I want to pause for a second here and talk about that statement. “You can’t prove it’s wrong” is a ludicrous standard to hold anything to. It’s literally impossible (not just really really hard, but actually impossible) to prove that something is or isn’t there. I can’t prove to you that I exist, that you’re reading these words, that your computer is in front of you. If you’re creative enough, you can explain away pretty much everything (except your own existence). All we can do is look at the evidence and test alternative explanations. You could be hallucinating this whole thing, but you haven’t had any psychotropic drugs and don’t have a history of vivid hallucinations (plus, how lame a hallucination is this?). It’s far more reasonable to conclude, until there is evidence to the contrary, that the world is as it seems. Once there is evidence to the contrary, then you evaluate it and change your ideas accordingly. The part that really grinds my gears is the “… so therefore” part. Just because I can’t prove you wrong, that doesn’t mean you’re right. Just because I can’t prove that the food in the fridge doesn’t disappear when the door is closed is not proof that gremlins eat it and poop it out again exactly as it was. It’s not proof of anything. You don’t just get to make shit up because there’s no way to prove you’re wrong.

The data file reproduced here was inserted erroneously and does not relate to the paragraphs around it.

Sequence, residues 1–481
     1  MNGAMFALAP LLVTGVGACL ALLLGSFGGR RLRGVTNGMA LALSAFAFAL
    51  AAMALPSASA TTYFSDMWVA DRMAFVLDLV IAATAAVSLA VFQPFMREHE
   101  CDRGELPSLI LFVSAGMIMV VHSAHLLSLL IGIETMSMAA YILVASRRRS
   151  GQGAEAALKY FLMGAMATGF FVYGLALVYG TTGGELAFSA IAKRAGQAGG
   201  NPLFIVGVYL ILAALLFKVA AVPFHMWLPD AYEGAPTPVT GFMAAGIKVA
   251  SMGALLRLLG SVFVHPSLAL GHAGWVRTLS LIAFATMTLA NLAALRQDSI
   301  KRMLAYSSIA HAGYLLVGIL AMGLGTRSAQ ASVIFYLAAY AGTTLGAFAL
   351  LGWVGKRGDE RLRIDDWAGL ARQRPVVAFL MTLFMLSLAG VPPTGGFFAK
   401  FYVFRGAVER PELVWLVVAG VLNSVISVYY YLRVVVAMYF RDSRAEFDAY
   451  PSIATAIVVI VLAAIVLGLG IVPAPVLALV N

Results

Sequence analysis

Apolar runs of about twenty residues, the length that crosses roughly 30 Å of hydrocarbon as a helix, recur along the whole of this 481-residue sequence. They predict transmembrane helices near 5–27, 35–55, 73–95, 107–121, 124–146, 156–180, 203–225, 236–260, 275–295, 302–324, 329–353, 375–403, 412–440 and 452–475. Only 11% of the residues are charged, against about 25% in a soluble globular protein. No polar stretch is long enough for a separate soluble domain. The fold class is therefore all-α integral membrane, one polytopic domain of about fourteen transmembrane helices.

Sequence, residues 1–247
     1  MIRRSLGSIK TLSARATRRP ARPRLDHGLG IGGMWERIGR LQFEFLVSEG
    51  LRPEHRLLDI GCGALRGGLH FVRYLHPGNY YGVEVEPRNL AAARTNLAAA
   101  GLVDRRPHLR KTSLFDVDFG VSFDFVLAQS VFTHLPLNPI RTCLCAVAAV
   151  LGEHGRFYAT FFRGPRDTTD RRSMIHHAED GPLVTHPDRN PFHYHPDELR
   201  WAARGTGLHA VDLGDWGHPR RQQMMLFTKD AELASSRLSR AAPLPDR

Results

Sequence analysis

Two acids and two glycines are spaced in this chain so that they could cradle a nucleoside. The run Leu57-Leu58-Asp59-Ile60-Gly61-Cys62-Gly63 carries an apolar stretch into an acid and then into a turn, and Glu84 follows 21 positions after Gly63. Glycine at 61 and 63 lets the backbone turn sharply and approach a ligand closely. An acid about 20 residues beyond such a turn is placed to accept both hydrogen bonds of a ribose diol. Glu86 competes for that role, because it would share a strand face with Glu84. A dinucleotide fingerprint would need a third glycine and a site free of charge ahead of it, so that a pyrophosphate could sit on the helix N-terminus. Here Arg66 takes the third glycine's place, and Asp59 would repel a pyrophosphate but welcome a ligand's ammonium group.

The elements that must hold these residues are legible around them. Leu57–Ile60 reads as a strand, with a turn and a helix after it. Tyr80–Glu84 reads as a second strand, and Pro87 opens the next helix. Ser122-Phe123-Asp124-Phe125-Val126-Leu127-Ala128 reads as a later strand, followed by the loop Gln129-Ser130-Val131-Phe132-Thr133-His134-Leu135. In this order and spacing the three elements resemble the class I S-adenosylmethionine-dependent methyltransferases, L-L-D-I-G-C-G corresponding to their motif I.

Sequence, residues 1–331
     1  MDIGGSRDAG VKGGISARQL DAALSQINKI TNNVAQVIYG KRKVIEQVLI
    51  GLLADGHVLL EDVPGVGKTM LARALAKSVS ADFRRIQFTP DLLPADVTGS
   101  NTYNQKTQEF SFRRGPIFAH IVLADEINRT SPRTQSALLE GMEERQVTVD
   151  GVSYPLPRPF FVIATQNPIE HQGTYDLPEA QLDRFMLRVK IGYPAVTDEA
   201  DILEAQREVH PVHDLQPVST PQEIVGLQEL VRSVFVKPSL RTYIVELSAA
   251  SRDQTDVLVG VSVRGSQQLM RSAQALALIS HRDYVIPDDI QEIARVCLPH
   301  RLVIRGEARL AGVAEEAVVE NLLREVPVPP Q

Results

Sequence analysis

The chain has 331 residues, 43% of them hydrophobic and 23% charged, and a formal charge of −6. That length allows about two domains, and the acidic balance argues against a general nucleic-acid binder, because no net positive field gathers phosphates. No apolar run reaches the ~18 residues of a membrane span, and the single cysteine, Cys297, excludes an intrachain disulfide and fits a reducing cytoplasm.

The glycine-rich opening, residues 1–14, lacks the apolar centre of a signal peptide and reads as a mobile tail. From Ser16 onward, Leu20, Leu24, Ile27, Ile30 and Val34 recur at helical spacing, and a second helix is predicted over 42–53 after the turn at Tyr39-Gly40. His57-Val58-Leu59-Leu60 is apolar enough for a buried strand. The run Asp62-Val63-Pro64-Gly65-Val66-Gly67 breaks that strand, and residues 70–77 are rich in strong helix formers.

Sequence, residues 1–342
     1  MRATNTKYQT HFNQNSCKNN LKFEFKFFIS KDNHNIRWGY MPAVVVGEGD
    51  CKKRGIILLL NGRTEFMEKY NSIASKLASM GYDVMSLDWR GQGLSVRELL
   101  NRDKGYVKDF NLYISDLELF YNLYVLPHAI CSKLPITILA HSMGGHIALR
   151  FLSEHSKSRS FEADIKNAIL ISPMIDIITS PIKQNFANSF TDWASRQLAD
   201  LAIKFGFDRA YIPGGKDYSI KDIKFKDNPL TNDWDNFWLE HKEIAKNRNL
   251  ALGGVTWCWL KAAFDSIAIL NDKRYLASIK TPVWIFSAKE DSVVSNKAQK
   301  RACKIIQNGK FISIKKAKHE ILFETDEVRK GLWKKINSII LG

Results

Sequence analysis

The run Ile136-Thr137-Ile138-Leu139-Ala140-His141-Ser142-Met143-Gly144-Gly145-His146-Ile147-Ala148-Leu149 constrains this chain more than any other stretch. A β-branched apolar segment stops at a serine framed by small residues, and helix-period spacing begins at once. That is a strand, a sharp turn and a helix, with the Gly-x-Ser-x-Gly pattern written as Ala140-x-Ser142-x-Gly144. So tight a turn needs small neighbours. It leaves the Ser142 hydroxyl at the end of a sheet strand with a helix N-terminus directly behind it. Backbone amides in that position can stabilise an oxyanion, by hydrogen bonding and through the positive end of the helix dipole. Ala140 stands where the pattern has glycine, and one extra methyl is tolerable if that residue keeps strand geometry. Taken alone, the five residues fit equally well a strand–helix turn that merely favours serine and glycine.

But it turns out that Russell is very persuasive, and people start to believe in the celestial teapot. When you say “well I don’t believe in a magical flying teapot that nobody can see”, they begin to call you an “a-pot-ist” (or if they’re clever, an a-pot-ate). They tell you that you secretly do believe in the pot, you are just bitter and angry at it, or your life has been bad and you resent the teapot, or that your belief in the absence of the teapot is just as facile as their belief in it. None of those things are the case – you are simply being reasonable and saying that in the absence of any evidence whatsoever, you don’t think there’s a pot there. And you’re right to do so. You might even go so far as to say “there is no evidence that there is a pot, and since it’s highly unlikely that a pot could get into space on its own, there probably isn’t one there.”